Name: Wolf

Born: 22nd July in Pieksämäki 


Any Former
Bands: Aikuiset Naiset, Pikku Enkeli

Outdoor activities, music, internet, Pro Evolution Soccer










Concerts Music

Metal veterans look back

{mosimage}Metallica, the elder statesmen of trash metal, misters Hetfield, Ulrich, Hammett
and Trujillo, put up a solid show at
Helsinki Olympic Stadium, the second to last gig of their Sick of the Studio
'07 tour. Once again the middle-aged metal gods proved their mastery of
machine-gun-riffs and face-melting licks in the face of a worshipping crowd of
metalheads. Hard core fans and casual enthusiasts each got their fill from a
set which combined the best parts of Metallica's long career: the early days'
trash metal genius of staccato riffs and breakneck transitions, and the more
mainstream metal from 1991's Black Album


The band seemed to be in good spirits and appeared happy to
be playing older songs. Fan favourites from the past dominated the setlist,
only a few post-Black Album songs were played, and none from 2003's St. Anger. Instead, the first  three albums were well represented. Rob
Trujillo, who wasn't around when most of the songs were first composed, seemes
to have reclaimed his place in the ranks of the Metal Militia. Following Trujillo's
bass solo the band payed homage to deceased original bassist Cliff Burton by
launching into Orion, a meandering
instrumental bash-a-thon written by Burton. The main portion of the set finished
off with the crowd chanting to a thunderous Master
of Puppets, followed by a raging Whiplash.
The band  returned to deliver the
necessary crowd-pleasers from Sad But
True to One
, this time with added
fireworks and pyrotechnics to boot. Cheap tricks, sure, but who cares, they
worked. With Enter Sandman out of the
way, the band came back once more to play Am
I Evil?
and finally obliterated the venue for good with Seek and Destroy.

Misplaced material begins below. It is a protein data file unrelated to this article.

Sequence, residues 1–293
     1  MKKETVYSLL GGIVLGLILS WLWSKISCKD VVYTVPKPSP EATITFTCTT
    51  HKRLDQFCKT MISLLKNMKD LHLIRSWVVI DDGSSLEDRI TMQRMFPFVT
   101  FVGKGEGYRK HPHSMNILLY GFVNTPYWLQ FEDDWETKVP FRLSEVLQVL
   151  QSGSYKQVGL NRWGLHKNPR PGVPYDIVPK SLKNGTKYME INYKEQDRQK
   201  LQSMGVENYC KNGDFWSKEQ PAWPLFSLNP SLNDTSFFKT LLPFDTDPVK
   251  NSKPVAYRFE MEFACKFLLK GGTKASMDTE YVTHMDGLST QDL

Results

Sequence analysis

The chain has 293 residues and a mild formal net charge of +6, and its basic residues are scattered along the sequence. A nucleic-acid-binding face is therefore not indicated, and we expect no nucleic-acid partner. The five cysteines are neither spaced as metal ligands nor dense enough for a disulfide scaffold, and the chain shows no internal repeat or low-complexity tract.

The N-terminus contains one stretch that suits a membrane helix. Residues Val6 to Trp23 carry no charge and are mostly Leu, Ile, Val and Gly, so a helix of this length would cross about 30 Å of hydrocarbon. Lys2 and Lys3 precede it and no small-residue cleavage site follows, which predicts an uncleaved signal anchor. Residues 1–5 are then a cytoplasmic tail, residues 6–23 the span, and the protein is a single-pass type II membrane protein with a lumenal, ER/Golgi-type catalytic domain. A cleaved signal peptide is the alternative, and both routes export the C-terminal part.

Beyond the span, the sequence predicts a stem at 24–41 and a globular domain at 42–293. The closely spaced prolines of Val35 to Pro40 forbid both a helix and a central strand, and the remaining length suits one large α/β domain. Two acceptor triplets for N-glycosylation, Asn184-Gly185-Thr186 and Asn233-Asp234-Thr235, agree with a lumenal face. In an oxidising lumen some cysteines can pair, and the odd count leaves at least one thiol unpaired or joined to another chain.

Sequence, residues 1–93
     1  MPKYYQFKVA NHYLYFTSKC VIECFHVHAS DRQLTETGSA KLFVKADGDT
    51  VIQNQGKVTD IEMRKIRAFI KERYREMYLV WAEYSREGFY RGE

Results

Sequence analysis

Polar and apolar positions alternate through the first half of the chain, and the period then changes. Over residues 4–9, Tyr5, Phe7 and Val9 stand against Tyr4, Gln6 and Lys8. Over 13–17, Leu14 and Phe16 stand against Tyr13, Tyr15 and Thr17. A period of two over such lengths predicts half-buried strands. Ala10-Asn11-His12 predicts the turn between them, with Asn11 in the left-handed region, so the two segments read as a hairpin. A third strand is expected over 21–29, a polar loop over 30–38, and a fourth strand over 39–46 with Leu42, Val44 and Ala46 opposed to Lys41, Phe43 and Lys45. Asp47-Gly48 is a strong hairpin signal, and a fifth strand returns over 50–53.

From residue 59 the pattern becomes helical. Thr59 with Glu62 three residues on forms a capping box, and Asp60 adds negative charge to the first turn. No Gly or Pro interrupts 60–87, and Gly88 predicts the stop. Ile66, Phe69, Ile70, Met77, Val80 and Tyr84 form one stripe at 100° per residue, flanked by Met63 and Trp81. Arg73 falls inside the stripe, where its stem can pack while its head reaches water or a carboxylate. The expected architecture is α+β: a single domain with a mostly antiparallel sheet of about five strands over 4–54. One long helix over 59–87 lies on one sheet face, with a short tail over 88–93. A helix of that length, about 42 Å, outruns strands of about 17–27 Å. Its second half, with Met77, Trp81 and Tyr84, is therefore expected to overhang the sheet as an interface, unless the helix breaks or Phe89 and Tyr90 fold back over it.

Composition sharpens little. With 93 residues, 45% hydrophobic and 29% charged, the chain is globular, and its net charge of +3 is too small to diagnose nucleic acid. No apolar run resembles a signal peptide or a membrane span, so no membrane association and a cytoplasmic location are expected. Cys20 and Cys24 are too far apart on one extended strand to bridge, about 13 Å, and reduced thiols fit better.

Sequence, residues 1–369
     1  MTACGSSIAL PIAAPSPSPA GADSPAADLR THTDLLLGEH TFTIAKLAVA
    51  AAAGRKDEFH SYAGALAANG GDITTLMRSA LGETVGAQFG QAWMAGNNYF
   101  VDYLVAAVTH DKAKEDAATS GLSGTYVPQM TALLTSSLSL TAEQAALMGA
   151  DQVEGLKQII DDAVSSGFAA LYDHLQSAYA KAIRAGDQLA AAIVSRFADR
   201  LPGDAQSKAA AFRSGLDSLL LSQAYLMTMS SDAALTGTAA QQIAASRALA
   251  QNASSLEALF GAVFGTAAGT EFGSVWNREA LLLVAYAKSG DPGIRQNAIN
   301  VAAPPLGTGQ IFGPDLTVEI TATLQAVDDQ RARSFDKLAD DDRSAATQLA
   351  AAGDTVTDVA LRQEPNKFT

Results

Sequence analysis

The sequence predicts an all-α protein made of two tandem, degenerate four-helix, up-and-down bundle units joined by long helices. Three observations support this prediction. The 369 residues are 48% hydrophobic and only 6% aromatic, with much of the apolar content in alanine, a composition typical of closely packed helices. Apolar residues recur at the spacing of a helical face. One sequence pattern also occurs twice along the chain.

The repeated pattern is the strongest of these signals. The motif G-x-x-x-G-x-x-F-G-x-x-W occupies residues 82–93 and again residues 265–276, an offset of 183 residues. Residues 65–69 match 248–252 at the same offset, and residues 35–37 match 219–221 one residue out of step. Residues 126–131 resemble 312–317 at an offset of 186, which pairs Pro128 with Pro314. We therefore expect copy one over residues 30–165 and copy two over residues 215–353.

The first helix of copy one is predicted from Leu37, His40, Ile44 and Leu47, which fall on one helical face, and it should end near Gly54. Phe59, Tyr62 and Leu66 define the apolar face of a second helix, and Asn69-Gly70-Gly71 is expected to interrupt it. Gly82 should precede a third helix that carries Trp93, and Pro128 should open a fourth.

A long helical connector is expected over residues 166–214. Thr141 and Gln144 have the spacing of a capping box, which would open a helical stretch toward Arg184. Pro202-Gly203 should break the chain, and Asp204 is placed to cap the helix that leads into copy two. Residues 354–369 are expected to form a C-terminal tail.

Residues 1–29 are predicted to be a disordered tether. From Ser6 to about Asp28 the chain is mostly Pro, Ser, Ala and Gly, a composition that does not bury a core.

It's good to see Metallica at ease with their past and
performing with such energy. With a set leaning towards their early career,
they sounded – in a good way – like they might as well have performed in a
dingy basement club. Still, mr. Hetfield is a enough of a showman to grab
an  audience, and he has the skill to
bring out the dramatic arc in a byzantine metal-oddyssey. While the concert
offered nothing really new, it was an entertaining and well executed
cross-section of the career of one of the most important metal bands ever.

On a side note, certain Finnish tabloids have been following
HIM's ordeals as Metallica's
warm-up act, and apparently for a reason. They were just all wrong for the
situation. Sandwiched between first opener Diablo's
aggressive piledriver metal and the colossal main act, HIM's synth-heavy and
melodic rock seemed completely out of place. The band's poor performance didn't
help either, or the fact that a large portion of the audience was still queuing
to the stadium during the opening acts. Then again, it was hardly a total
disaster: at least people applauded politely after every song.

 This show and all the shows of the tour are available for purchase and download at: 



15 July 2007 – Olympic Stadium, Helsinki 

Creeping Death
The Four Horsemen
Kirk Doodle #1
Ride The Lightning
Disposable Heroes
Kirk Doodle #2
The Unforgiven
And Justice for All
The Memory Remains
No Leaf Clover
Rob Doodle
Fade to Black
Master Of Puppets
Kirk Doodle #3
Sad But True
Kirk Doodle #4
Nothing Else Matters
Enter Sandman
Am I Evil?
Seek and Destroy

Concerts Music

They Might Be Giants (On Stage)